Many parents who work outside the home know the feeling – especially during the toddler and preschool years.
Six months after my eldest child was born, I went back to work. Two to three days a week wasn’t too bad. In fact, the part-time schedule proved to be a blessing since it gave me a chance to earn some money, use my skills and establish balance in my life. When I had to start coming into the office 40 hours a week, however, everything changed. I was constantly torn between my job and family. I was wracked with guilt over the fact that someone else was taking care of my child. I had great childcare, but I still felt bad because my son spent most of his waking hours without me.
Most of us don’t have a choice. We have to work to pay the mortgage or rent, to buy groceries, to access healthcare and other needs. And no matter how emotional we feel about putting our children in childcare, there are some benefits – for the family as well as the child. According to a recent Reuters story, a long-running U.S. National Institutes of Health study has found that children who have high-quality childcare see academic benefits lasting into high school.
“High quality child care appears to provide a small boost to academic performance, perhaps by fostering the early acquisition of school readiness skills,” James Griffin of the National Institute of Child Health and Human Development told Reuters.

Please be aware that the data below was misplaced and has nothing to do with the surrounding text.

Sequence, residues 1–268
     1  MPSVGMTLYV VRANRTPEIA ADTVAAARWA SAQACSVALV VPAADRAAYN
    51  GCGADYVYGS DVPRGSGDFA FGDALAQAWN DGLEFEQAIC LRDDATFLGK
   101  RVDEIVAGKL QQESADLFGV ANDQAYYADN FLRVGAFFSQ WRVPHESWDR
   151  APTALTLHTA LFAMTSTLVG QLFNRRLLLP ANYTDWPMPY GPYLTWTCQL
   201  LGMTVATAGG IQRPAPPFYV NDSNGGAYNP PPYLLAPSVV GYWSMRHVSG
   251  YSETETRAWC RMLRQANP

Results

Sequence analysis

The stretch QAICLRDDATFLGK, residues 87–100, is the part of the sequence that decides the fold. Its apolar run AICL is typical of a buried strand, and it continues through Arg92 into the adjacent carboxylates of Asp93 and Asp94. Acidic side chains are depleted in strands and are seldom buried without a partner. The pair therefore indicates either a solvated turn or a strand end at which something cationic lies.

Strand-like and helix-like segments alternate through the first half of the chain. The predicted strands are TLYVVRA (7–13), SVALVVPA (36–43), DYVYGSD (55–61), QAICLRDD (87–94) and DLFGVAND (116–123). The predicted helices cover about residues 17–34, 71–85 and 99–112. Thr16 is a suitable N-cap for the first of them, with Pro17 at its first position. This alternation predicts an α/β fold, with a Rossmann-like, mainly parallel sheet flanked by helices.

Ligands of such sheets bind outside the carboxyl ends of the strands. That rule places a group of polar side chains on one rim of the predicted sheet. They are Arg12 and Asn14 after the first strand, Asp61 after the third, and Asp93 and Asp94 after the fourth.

The keyword, of course, is quality. Our children make gains only when they receive excellent care, which the NIH measured by how much time the provider spends interacting with the children, as well as warmth, support and cognitive stimulation. (Previous studies have shown that children who spend long hours in low-quality childcare settings are more likely to experience aggressiveness and peer conflicts.)
We were and continue to be lucky enough to have quality childcare for our children. But we also made some career and lifestyle changes that allowed me to spend more time with my kids.
As a result, they received the best of both worlds: time with their parents but also two to three full days each week at a wonderful children’s center where teachers nurtured their natural curiosity, love of the outdoors and other gifts. They also learned how to collaborate and coexist with other kids – a skill that they don’t necessarily acquire when they’re hanging out with me at home.
What do you think are the benefits of placing a child in a childcare setting? How many hours a week is ideal for your children and family?